Making a case for social impact assessment in urban development : social impacts and legal disputes in Queensland, Australia
Miller, Evonne & Buys, Laurie (2012) Making a case for social impact assessment in urban development : social impacts and legal disputes in Queensland, Australia. In Journal of Procedia - Social and Behavioral Sciences (Elsevier), Elsevier, Jakarta, Indonesia, pp. 285-292.
Urban land use planning and policy decisions are often contested, with the multiple stakeholders (business, developers, residents, policymakers and the wider community) frequently holding opposing viewpoints about the issues and best solution. In recent years, however, the participatory process of social impact assessment (SIA) has received significant attention as a way to mitigate conflict, facilitating negotiation and conflict resolution. This paper examines how social impacts have informed development appeals in Australia, focussing on ten cases from the Queensland Planning and Environment Court (QPEC). Half are appeals from community members (typically neighbours) wanting to oppose approvals and half from organisations appealing against City Councils’ decisions to deny their development applications. While legal challenges do not necessarily reflect attitudes and practices, they provide a means to begin to assess how social impacts (although not often explicitly defined as such) inform development related disputes. Based on the nature and outcomes of 10 QPEC cases, we argue that many legal cases could have been avoided if SIA had been undertaken appropriately. First, the issues in each case are clearly social, incorporating impacts on amenity, the character of an area, the needs of different social groups, perceptions of risk and a range of other social issues. Second, the outcomes and recommendations from each case, such as negotiating agreements, modifying plans and accommodating community concerns would have been equally served thorough SIA. Our argument is that engagement at an early stage, utilising SIA, could have likely achieved the same result in a less adversarial and much less expensive and time-consuming environment than a legal case.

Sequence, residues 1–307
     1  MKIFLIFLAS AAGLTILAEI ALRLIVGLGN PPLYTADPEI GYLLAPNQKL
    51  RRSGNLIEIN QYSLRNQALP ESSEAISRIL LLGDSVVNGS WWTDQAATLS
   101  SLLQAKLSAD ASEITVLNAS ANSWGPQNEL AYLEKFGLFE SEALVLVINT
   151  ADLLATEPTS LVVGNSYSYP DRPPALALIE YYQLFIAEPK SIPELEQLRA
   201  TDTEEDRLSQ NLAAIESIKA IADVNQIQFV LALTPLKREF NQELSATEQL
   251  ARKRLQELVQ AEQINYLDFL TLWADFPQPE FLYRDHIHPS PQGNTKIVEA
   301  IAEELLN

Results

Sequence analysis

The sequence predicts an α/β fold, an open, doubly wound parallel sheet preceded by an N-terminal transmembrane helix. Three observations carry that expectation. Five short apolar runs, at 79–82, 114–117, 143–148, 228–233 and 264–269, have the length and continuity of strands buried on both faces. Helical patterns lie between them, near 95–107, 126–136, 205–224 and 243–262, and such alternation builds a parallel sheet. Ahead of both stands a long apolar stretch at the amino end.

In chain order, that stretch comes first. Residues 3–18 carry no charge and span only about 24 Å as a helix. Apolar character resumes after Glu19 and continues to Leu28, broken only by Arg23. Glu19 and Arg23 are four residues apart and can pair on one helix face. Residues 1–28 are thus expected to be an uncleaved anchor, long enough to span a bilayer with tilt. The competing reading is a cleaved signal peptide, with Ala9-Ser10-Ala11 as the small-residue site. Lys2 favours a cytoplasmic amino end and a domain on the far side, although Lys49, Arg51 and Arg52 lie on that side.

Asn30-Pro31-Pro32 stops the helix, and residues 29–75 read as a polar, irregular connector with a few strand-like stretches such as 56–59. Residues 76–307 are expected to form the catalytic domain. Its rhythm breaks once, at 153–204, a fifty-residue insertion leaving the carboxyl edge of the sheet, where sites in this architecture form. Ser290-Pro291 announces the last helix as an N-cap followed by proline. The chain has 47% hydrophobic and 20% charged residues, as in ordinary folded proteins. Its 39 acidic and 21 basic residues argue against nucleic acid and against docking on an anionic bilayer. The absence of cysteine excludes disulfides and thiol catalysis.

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|Item Type:||Conference Paper|
|Additional Information:||Selected authors will be invited to contribute book chapters in "Interdisciplinary Social and Behavior Sciences” to be published by Cambridge Scholars Publishing|
|Keywords:||social impact , legal disputes, urban development,, planning , development assessment|
|Subjects:||Australian and New Zealand Standard Research Classification > ENVIRONMENTAL SCIENCES (050000) > ENVIRONMENTAL SCIENCE AND MANAGEMENT (050200) > Environmental Impact Assessment (050204)|
|Divisions:||Current > Schools > School of Design
Current > QUT Faculties and Divisions > Creative Industries Faculty
Current > Institutes > Institute for Future Environments
|Copyright Owner:||Copyright 2012 Elsevier|
|Deposited On:||19 Dec 2012 01:35|
|Last Modified:||23 Apr 2013 21:30|
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